As potent as Wilier claims the Naca 0020 profile is, it does present one problem: the water bottle. Groupama required that the frame offered some fluid-carrying capacity and, unlike in triathlon, the UCI rules mean a bottle  is the only option. So, as any good designer would do, Genovese ditch the traditional round bidon and cage and set about designing a bottle that neatly integrated into the TT frame and – heck, who knows? – could maybe even offer an aero advantage. That is after all what most manufacturers are now doing with their newest TT frame designs. 

Accurately aware of the UCI’s published regulations and the requirement to leave space to pass a credit card between bottle and frame, Genovese came up with a design that mostly and very neatly bridged the gap in the lower section of the frame’s inner triangle. That design was sent off to the UCI technology department on Christmas week for preliminary approval (full approval would come as part of the complete frame approval process after the first frames are manufactured). An email back advised the design was in keeping with the UCI regulations and preliminary approval was granted. Genovese ticked the bottle off his to-do-list and moved on to the rest of what must have felt like a never-ending list as the time remaining to complete the job kept counting down. But the UCI apparently had other ideas. 

A little over a month after getting the initial OK on the bottle, Genovese sent the final frame design to the UCI for overall preliminary approval. That’s a necessary step as manufacturers need to be certain the UCI will approve a frame before committing the megabucks required to open moulds and begin manufacturing a new frame. At this point the UCI came back approving everything … except the bottle, which it now said was not permissible citing a regulation that was never published and that no one at Wilier had ever seen before. 

Long story short, the UCI wanted an almost-meaningless alteration to the bottle cage, and Genovese spent a whole chunk more time making the alterations to the bottle to achieve effectively the same design but in a way that adhered to this new rule seemingly plucked from nowhere almost overnight. All told, Wilier ended up spending an estimated €22,000 on the bottle and cage development alone, or roughly the equivalent of a single bottle in some Monaco champagne bars.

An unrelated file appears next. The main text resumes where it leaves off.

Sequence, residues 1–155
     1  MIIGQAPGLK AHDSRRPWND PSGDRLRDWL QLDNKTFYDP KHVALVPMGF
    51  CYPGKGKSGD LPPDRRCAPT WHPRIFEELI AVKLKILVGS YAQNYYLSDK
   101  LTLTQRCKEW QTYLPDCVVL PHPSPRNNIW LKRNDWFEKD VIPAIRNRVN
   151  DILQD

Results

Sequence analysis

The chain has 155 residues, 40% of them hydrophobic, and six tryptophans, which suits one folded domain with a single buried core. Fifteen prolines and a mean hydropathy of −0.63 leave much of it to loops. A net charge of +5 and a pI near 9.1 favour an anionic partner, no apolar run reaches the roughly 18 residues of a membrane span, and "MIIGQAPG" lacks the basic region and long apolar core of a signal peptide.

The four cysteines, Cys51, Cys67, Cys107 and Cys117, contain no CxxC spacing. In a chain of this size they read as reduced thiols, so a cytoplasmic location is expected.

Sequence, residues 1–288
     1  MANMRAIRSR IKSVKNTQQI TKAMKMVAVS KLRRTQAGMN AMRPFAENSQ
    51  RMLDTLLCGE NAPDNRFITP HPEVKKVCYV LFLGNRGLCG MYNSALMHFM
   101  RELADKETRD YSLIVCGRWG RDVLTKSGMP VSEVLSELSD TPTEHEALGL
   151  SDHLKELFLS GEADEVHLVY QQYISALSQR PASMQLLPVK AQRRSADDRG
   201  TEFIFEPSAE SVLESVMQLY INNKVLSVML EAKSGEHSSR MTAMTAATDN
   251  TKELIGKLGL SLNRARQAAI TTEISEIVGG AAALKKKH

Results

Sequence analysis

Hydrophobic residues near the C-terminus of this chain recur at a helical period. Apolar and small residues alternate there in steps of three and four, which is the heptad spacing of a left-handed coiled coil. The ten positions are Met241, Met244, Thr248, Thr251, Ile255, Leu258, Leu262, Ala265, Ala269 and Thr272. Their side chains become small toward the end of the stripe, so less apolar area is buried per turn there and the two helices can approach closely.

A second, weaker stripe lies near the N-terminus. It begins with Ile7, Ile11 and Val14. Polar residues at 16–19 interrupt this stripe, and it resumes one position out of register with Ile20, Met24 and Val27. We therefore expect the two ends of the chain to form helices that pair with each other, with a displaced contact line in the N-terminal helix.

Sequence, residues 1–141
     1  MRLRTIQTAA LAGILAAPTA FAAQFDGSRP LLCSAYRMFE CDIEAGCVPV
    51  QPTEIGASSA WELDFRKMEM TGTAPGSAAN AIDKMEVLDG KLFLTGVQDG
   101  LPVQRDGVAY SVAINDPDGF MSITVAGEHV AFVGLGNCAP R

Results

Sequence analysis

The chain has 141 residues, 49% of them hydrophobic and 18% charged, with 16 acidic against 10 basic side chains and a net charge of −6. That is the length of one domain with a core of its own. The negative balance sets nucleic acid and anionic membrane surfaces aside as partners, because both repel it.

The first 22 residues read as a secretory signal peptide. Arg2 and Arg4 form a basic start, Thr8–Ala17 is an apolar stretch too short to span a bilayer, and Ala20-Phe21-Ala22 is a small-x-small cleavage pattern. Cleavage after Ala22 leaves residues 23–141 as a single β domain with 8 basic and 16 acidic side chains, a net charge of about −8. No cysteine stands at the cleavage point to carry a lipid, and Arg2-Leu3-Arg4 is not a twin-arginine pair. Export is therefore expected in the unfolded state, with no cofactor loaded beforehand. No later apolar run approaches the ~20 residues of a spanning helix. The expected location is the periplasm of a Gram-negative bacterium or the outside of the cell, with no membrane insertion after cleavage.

Somewhat hilariously considering that price tag, Küng couldn’t even drink from the bottle attached to the bike during testing as it was 3D printed using nasty materials you really don’t want to be ingesting. That was just a test bottle, though, and the production bottles will be made by Elite specifically for Wilier, and any liquids contained within will be safe for consumption. 

The image shows the new front derailleur mount
A sign of the times: the front derailleur mount is removable for 1X setups and compatible with up to a 63-tooth chainrings for 2X or chain catcher mounting.

But it’s not all about aero; there are other features to the new frame, including a new patented built-in fork over-rotation limiter for the bayonet-style fork steerer and a removable front derailleur mount. That front derailleur mount is designed to accommodate and improve shifting on larger chainrings with a lower 56-tooth position and a higher 63-tooth position, although with Ineos now setting a new precedent using a Classified Powershift-equipped hub along with 66-tooth chainrings, perhaps those front derailleur mounts are already surplus to requirements. 

Definitely surplus to requirements now is the previous-generation Turbine TT frame. The Supersonica now replaces that frame and sits alongside the Turbine SLR in Wilier’s TT offerings. Unfortunately for some of Groupama-FDJ, Wilier has only produced the new frames in Küng’s L/XL size so far, and those needing XS/S or M frames will probably have to wait until next year. In the meantime, Wilier, Groupama, and Küng himself will be hoping the new bike can give him an edge to convert so many podium finishes into gold and rainbows at the upcoming Olympics and Worlds to join the European Champion stars he achieved in 2020 and 2021. 

Editors’ Note: Wilier covered travel costs for the reporter’s attendance at testing sessions. Escape Collective is member-supported and ad-free and has no commercial relationship with Wilier.

The image shows the new Wilier Supersonica